News24 Wire 12 May 2020
A special event to commemorate International Nurses Day on Tuesday at Tygerberg Hospital was interrupted by protesting staff, who charge that they do not have adequate protective gear and are being financially crippled by the expense of travelling to work during the lockdown.
The hospital’s labour caucus – comprising, among others, the Public and Allied Workers Union, the Democratic Nursing Organisation of South Africa and the National Education, Health and Allied Workers’ Union – led the protest, which saw caucus member Abdul Hadee Vent plead with Health MEC Nomafrench Mbombo for intervention between staff and management.
According to Vent, staff are complaining about insufficient personal protective equipment (PPE) and a lack of communication regarding colleagues who have tested positive for the coronavirus.
Cleaning processes of contaminated areas are also not applied in terms of departmental guidelines, Vent alleged.
Nurses were also suffering under the financial strain of travelling to work from areas as far as Sir Lowry’s Pass Village, Stellenbosch and Paarl while trains remain out of operation, he said.
One of his colleagues previously spent R45 to get to and from work, but now forks out between R250 and R300 per day on e-hailing trips.
“We didn’t decree the issue of trains that were not going to be there. We did not call for Covid-19,” Vent told Mbombo.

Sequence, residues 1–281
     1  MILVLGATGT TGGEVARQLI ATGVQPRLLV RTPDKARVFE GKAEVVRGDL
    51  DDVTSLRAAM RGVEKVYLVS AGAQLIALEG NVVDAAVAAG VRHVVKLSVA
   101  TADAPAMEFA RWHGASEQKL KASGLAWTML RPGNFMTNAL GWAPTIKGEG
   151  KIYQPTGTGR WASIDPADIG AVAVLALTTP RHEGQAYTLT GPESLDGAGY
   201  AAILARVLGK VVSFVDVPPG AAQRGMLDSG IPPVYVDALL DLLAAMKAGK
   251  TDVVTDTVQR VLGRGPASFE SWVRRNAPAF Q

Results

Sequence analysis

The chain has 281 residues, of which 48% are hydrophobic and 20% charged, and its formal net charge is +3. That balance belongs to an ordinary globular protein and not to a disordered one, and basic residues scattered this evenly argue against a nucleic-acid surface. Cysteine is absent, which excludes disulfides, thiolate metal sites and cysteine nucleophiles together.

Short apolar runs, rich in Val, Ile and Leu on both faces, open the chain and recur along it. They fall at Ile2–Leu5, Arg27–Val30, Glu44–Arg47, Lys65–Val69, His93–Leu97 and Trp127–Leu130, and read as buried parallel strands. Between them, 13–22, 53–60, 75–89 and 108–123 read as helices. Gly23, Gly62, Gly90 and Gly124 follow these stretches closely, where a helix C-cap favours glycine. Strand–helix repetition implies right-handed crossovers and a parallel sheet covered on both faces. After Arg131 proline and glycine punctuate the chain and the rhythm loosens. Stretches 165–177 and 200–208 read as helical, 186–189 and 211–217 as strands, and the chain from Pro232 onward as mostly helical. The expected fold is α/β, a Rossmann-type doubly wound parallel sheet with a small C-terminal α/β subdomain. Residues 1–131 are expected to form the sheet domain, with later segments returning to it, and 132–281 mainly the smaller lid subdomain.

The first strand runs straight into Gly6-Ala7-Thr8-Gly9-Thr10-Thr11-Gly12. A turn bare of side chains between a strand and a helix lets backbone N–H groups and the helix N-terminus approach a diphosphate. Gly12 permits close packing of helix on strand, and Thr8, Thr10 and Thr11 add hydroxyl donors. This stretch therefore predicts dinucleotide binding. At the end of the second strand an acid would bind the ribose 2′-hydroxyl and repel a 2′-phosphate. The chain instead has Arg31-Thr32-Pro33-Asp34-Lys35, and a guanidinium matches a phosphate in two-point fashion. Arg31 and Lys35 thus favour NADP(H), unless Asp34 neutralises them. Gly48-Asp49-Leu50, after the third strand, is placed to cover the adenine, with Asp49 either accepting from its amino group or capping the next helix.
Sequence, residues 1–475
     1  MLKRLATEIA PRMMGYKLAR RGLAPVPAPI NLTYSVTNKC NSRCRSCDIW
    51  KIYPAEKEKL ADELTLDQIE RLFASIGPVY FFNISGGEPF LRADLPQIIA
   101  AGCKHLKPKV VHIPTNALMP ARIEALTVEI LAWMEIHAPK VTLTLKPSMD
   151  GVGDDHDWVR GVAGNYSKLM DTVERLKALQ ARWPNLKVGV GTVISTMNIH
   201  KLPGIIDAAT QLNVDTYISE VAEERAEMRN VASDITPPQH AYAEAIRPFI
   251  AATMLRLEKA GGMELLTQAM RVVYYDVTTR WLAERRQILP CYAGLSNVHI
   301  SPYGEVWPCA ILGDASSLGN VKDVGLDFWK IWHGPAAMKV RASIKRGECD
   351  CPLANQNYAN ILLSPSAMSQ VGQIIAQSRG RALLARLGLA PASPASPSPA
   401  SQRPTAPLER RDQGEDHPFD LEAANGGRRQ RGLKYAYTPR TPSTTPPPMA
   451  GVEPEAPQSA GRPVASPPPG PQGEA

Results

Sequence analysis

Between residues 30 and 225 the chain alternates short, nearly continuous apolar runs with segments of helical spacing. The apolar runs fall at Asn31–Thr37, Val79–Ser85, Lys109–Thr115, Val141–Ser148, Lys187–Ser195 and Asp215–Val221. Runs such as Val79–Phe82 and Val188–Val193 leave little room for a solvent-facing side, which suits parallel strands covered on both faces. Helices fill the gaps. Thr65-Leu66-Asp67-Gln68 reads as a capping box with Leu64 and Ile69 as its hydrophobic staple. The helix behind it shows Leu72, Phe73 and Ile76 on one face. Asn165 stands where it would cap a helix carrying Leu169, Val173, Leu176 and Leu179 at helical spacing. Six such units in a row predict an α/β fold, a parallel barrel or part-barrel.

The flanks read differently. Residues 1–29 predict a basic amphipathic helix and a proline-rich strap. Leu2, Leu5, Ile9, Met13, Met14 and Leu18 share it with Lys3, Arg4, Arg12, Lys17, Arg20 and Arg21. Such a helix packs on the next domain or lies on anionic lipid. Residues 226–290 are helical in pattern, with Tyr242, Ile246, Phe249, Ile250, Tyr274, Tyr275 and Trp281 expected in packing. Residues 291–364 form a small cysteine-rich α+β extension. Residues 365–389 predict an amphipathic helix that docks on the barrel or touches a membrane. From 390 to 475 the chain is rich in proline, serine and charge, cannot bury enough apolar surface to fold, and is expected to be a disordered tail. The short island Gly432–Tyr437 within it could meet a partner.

“Minister, we will take this opportunity during our lunch hour to do this demonstration until our voices are heard, because we need to come back to this [hospital and situation].”
Mbombo told the demonstrators that it had become the “worst year for the nurses because of Covid”.
“We have to respect your needs. We can’t dismiss your truth, because it is your pain,” she said, acknowledging that they were “at the coalface”.
“I must listen and see what we can do as the employer to meet each other halfway.”
Tygerberg Hospital nurse Ntombizakithi Ngidi last week became the second nurse to die of Covid-19 in the province. Petronella Benjamin, also a nurse, succumbed a day before she was supposed to retire.
The provincial health department, after the protest, said in a statement it “recognises that its employees may experience fear and anxiety following the recent death of a nurse due to the coronavirus”.
“During this period, the hospital management would like to unequivocally assure employees that it is committed to ensuring maximum protection for all against the spread of the coronavirus,” it said.
“In ensuring a healthy workforce, the department is engaging laboratories to prioritise the testing of healthcare workers and persons under investigation.
“In addition, the department has also doubled its available PPE stock, which are allocated to staff based on the risk profile. The department also encourages information sharing with staff, while continuing to adhere to patient confidentiality in the event a staff member does test positive.”
According to the department, it had also made available an updated individual and institutional health risk assessment, which managers need to complete for staff to identify those staff members at risk and to implement safety measures in their work environment.
“The department is also aware of the fact that many staff members are reliant on public transport to and from work, which also poses a risk to our staff.
“We have launched various initiatives, through the support of the Department of Transport and Public Works, which includes adding additional buses, especially to Tygerberg Hospital, while the Department of Health has also allocated additional vehicles to assist in transporting staff.”
South Africa’s positive coronavirus cases totalled 11 350 on Tuesday, with the Western Cape recording 484 of the 698 new cases, Health Minister Zweli Mkhize said.